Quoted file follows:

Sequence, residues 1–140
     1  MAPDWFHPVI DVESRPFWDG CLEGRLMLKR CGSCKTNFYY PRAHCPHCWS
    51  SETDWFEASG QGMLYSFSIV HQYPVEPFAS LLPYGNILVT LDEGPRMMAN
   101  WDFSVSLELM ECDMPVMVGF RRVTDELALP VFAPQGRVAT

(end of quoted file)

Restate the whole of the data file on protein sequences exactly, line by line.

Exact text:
Sequence, residues 1–140
     1  MAPDWFHPVI DVESRPFWDG CLEGRLMLKR CGSCKTNFYY PRAHCPHCWS
    51  SETDWFEASG QGMLYSFSIV HQYPVEPFAS LLPYGNILVT LDEGPRMMAN
   101  WDFSVSLELM ECDMPVMVGF RRVTDELALP VFAPQGRVAT